Old West Book Reviews Archives

Charles GoodnightCharles Goodnight: Father of the Texas Panhandle, William T. Hagan, University of Oklahoma Press, (405) 325‑3200, $19.95, Paperback. Illustrations, 168 pages, Maps, Bibliography.

Pioneer rancher and cattle baron of the Southwest, Charles Goodnight is known for his exploits as a Texas Ranger, scout, Indian fighter, and businessman.  This book only touches upon Goodnight’s early life, and is really aimed at the last 30 years of his life.  Complete biographies about Goodnight are written by J. Evetts Haley titled Charles Goodnight: Cowman and Plainsman, and The No‑Gun Man of Texas, by Laura V. Hamner.

Born in Illinois in 1836, Goodnight’s childhood included hard work, poverty, and long hours of drudgery on a farm.  His education included only two years of school.  However, he grew into a man of sharp business ability combined with his dedication to hard work.  He blazed cattle trails in Texas, Colorado and Kansas but is best known for his exploits during the early days of Texas.  When Goodnight was 28 years old, he was a member of the Ranger unit who found the white Indian captive Cynthia Ann Parker.  Years later, Goodnight would become friendly with her son, Quanah who became a Comanche spokesman.

One incident in the life of Charles Goodnight is told about in the memorable Larry McMurtry Western movie “Lonesome Dove.”  During a cattle drive through Colorado, Goodnight’s business partner Oliver Loving was fatally wounded by Indians, and the dying man requested that his body be returned to Texas.  Goodnight made good on his promise, having Loving’s body packed in charcoal to make the long wagon journey back home.

This book covers the years spent building his ranches in the Texas Panhandle, with the financial banking of wealthy investors from as far away as Ireland.  Foreign speculators had the money, and Goodnight had the experience and guts.  Standing over 6 feet tall, weighing 200 pounds, a six‑gun on his hip and with grizzled beard and no‑nonsense steely eyes, Charles Goodnight seemed to fear no one.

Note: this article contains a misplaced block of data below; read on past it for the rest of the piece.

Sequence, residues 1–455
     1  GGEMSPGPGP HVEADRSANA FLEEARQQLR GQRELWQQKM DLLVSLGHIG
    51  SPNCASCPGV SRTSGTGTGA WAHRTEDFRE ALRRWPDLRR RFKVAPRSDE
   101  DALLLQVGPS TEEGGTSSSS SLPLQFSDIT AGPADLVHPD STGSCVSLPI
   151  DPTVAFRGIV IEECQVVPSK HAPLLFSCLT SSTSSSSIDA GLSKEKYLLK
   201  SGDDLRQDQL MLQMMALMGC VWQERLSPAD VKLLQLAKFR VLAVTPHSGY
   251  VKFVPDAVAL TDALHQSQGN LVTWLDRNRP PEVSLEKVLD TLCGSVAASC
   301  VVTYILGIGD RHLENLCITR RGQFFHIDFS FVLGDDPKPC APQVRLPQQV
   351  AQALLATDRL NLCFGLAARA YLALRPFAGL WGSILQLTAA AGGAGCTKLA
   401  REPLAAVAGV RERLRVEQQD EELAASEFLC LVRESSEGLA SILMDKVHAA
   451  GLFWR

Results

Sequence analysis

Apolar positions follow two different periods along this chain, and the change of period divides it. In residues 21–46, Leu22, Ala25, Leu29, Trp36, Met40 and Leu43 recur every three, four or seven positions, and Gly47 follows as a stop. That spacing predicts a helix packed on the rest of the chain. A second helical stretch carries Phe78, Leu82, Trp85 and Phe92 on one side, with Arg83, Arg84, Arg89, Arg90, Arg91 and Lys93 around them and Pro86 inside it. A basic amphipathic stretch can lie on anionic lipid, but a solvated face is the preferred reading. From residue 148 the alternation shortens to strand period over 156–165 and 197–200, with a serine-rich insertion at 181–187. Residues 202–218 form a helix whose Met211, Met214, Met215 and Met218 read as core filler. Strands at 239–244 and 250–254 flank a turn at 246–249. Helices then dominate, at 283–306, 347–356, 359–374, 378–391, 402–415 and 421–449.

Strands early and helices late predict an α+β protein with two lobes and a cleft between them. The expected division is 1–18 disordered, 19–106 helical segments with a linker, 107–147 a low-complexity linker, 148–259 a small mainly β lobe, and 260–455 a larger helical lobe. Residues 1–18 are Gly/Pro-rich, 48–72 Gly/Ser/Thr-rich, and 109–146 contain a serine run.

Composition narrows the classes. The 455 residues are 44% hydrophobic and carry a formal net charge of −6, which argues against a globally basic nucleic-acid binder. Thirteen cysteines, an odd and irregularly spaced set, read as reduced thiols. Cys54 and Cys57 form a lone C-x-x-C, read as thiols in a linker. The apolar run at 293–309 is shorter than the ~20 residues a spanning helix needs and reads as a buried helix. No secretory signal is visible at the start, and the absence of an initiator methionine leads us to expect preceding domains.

Goodnight married a Texas school teacher named Mary Dyer, whose portrait shows her to be a thin‑lipped, cold‑eyed woman whose no‑nonsense demeanor seemed to match her husband’s.  The couple had no children.  After many years of hard ranch life, Goodnight described his wife as being a truly strong woman who even though living with no female companionship, and 75 miles from town, made married life cheery and pleasant.

Fights with partners, the railroad, encroaching neighbors, and politics are covered in this book. Goodnight remained sympathetic to the Indians’ plight, even though having been an Indian fighter in the 1870s with the Texas Rangers, he understood how these people had been forcibly removed from their land.

During the last year’s of Goodnight’s life, he sold most of his ranch holdings.  Mary died several years before Goodnight did, and he was about to spend the last few years of his life in lonely isolation when a 26‑year‑old lady named Corrine Goodnight showed up wondering if they were related.  The 91‑year‑old Goodnight enjoyed her company, hired her to be his secretary, and soon thereafter married her.

The couple traveled to Arizona, taking up residence first in Phoenix and then moving to Tucson where Goodnight died Dec. 12, 1929.  Corrine had him laid to rest beside his first wife Mary, in Goodnight, Texas.

Charles Goodnight out‑lived most of his friends, and all of his enemies.  He and Mary built a ranching empire in Palo Duro Canyon in the 1870s, and they are remembered for their contributions to the cattle industry, as well as being an inspiration to those dedicated to hard work, determination, and honest dealings. 

Editor’s Note: The reviewer, Phyllis Morreale‑de la Garza is the author of many books about the Old West including Hell Horse Winter of the Apache Kid, Silk Label Books, P.O. Box 700, Unionville, New York 10988 Ph. (845) 726‑3434 www.silklabelbooks,com